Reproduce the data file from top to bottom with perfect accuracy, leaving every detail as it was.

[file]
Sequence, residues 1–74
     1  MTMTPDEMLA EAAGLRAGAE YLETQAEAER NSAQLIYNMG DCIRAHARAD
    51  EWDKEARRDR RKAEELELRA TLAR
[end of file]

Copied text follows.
Sequence, residues 1–74
     1  MTMTPDEMLA EAAGLRAGAE YLETQAEAER NSAQLIYNMG DCIRAHARAD
    51  EWDKEARRDR RKAEELELRA TLAR